"If you get negative, miserable and frustrated on the court I don't think it does you any good. It's not good for the fans either. People don't want to see miserable faces. They want to see high-quality tennis, but they also want to see players enjoy themselves.
"I don't see a problem with smiling when my opponent wins a point. I smile when everything is going my way, but when my opponent plays a great point or hits an unbelievable shot I also smile. It's better than waving my fist like some of the other players and shouting 'C'mon!' in my opponent's face. I think that's a very bad thing to do. That's really annoying and it's bad sportsmanship.
"I'm just a very outgoing personality, though I'm also very competitive. As soon as I step on the court I have fun, but I'm also a good competitor. I'm a big fighter and I fight until the end. I smile, but I never give up. I'm not a soft touch. I want to win every match. Every match is a battle."
For the moment those battles will be singles matches. Despite rising this week to her highest ever world ranking (No 2), Jankovic has yet to make the final breakthrough on the game's biggest stages and needs to lose the "nearly woman" reputation she is building.
She has reached the semi-finals of four of the last seven Grand Slam tournaments but lost on each occasion to the eventual winner. Over the same period Ana Ivanovic, her 20-year-old compatriot, has made three finals, claiming the world No 1 spot with her victory at the French Open earlier this month.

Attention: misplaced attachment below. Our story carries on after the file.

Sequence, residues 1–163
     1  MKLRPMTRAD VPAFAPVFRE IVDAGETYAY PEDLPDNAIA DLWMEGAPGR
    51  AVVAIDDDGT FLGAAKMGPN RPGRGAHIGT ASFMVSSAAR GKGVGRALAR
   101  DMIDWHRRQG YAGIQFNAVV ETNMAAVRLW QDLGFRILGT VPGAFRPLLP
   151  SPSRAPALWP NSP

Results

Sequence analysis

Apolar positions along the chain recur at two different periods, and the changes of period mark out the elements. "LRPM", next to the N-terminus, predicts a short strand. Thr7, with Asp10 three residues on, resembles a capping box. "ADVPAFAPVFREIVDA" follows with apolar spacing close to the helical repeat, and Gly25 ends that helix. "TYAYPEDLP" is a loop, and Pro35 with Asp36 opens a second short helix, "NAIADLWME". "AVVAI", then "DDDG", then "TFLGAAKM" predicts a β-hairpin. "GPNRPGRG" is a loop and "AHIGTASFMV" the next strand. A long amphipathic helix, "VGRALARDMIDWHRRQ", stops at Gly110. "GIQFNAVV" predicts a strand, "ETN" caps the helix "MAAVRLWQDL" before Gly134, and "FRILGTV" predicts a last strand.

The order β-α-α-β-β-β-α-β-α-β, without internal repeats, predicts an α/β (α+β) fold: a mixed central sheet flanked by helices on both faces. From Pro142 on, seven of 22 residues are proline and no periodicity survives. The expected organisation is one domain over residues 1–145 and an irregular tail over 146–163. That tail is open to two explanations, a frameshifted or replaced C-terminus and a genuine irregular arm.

Jankovic lost to Bartoli at Wimbledon last year and has never been beyond the fourth round there but loves the tournament. "It's my favourite Grand Slam," she said. "Every Grand Slam is special, but there's something different about Wimbledon. You're aware of the history of the tournament and its traditions. It's a great atmosphere to play in and the British fans really know their tennis."
She is not one to dwell on the past – "I'm the sort who doesn't even remember what they ate yesterday, let alone a match from a few years ago" – but treasures a victory over Venus Williams at Wimbledon in 2006. "It was on No 2, the graveyard court," she said. "She was the defending champion and for years she'd hardly lost to anyone at Wimbledon other than her sister. To beat the defending champion at a Grand Slam event, on a surface where she plays her best tennis, was really special."
After she has struggled with injuries this year, which began with a lengthy recovery from sinus surgery, Jankovic's decision to give the mixed doubles a miss at the All England Club was no surprise. However, she does not rule out a reunion with Murray in the future. "I'd love to play again and have another good experience," she said. "I love playing with Jamie. It's a lot of fun, especially in England in front of his home crowd."